Feb 12, 2013

Save on electronics: skip the extras

Click for coupon. Good until 2/14/13
Buying electronics can be stressful. Most of the time I take my chances on Craigslist, but every once and awhile I venture into a store. Today, I purchased a new notebook/laptop. Staples is having some incredible deals right now. Lots of laptops/tablets/notebook are on sale and a friend knew I was looking so he forwarded me the email detailing the sale. Plus, the email has a coupon for $75 off the sale price. That's my kind of coupon.

I chose my laptop, very inexpensive of course, and reserved it over the phone. When I go into Staples, I go over to the display model just to make sure I like it. The salesman approaches. Oh, here we go.

The dreaded questionnaire ensues: "What do you use your laptop for?" You recognize this question. The Internet and Cable companies ask it all the time. What would you like to do with our service?...so I can tell you why you need to upgrade.

The salesman tells me that I don't need this notebook. In fact, I'd be much better off with a tablet with a $70 case with a fold out keypad. We had some conversation about and to be quite honest, I was pretty confused. Maybe he's right? Before I can make a decision, the man proceeds to start telling me about the warranty I should probably buy for either device to cover any accidents or defects. Did I know the manufacturer warranty doesn't cover labor and that costs a bajillion dollars? Thank you, no I did not know that.

So I just stare at the two devices for about 10 minutes, no joke. Finally, it dawns on me: I've researched this notebook, read reviews, looked through all the specifications - this was going to be an informed decision. Now, this salesman is asking me to consider a tablet I've never even looked into, and I'm thinking about buying it! There is something wrong with this picture. So I quick google the proposed tablet on my phone and started reading reviews.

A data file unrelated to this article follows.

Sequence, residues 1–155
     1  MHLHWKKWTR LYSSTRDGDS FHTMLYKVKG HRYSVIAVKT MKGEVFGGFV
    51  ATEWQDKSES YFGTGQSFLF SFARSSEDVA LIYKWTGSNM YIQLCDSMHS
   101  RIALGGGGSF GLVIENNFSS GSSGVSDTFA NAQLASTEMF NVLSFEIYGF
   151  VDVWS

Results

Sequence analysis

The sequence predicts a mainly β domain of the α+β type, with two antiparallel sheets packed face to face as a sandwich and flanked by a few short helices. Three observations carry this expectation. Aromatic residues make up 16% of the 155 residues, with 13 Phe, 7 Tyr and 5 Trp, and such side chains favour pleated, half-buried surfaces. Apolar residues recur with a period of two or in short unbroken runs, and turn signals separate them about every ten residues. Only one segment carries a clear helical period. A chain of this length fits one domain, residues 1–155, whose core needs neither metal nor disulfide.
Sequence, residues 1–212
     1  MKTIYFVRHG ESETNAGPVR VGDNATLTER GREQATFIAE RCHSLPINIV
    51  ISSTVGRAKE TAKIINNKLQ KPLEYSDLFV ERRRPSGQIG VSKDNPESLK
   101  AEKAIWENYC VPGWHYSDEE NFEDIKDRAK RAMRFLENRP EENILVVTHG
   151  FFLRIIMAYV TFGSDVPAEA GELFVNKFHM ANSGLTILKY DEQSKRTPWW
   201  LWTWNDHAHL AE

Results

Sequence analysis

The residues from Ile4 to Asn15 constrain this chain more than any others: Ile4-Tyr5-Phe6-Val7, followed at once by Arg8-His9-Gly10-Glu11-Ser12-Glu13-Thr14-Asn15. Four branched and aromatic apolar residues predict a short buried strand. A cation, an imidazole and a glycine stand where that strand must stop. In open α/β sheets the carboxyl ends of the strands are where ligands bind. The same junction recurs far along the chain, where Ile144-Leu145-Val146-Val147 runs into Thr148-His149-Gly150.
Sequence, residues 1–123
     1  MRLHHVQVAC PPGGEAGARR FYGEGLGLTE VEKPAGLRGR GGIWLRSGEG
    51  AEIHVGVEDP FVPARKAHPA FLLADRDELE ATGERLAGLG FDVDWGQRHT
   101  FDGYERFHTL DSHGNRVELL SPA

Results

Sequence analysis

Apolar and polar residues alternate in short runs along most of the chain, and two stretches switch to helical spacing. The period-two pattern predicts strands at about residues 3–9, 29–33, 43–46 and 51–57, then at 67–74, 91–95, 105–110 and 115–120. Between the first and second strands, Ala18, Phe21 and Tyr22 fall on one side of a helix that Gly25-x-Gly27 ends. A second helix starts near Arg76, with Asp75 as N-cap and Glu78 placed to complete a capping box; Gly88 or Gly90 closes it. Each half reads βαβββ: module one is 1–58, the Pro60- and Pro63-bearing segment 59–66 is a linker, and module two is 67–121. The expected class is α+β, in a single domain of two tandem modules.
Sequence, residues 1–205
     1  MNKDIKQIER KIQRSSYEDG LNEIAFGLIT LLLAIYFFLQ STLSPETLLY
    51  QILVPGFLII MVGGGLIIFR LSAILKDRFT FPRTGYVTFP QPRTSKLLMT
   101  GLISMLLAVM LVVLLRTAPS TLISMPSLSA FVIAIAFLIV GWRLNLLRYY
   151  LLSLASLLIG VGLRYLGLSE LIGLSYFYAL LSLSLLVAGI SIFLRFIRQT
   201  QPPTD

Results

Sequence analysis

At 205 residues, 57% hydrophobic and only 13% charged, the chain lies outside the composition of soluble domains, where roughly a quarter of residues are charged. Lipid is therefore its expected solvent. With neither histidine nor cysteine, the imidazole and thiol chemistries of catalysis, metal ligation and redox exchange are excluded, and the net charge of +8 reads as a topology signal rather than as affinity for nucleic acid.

I ultimately decided instead of making a split decision on a large purchase, because of a conversation with a salesman who cared more about selling me the extra warranty, I better just go home. I did. I went home, I thought about it, and you know what? I returned the next day and bought the notebook I came in for the day before.

I knew what would come next: all the questions:
Question:Would you like to make your laptop safe and sign up for our extended warranty; its $100 for 2 years.
Answer (aloud): No, thank you.
Answer (in my head): This is how the company makes its money, but trying to scare me into believing that I am going to walk home and drop my laptop on the cement floor, or that it will burst into flames. I mean, someone's laptop has probably burst into flames at some point?

Question:Would you like to add Microsoft Office for $100?
Answer (aloud): No, I have Office
Answer (in my head): Open Office is a free version of Office that is compatible with the Microsoft edition. I'm not in school, so I don't think having Microsoft at home is a necessity.

Question: Do you *need* a case or a mouse?
Answer (aloud):No, I don't.
Answer (in my head): Need is a strong word. So, she's saying it's as valuable as food or shelter?

Question: Would you like someone to help you install your device ? It's $100.
Answer (aloud): No, thank you.
Answer (in my head): Is this a joke? You want me to pay someone to turn it on for me and snap the battery in?  For real, there is no other explanation for what this is.

The conclusions to this story are as follows.
1) Don't make significant impulse purchases. On an impulse you don't have time to really weigh the products pros and cons or research the product.
2) Expect salesman to try upsell you on just about everything. Come in with an amount you're willing to spend and stick with it...otherwise you might just double your limits.
3) I have no idea how to use Windows 8. Okay, you probably didn't glean this from my story...but it's totally true.

In the end, I do really like this laptop (I'm on hour 4) and no problems yet. See, who needs a silly warranty!
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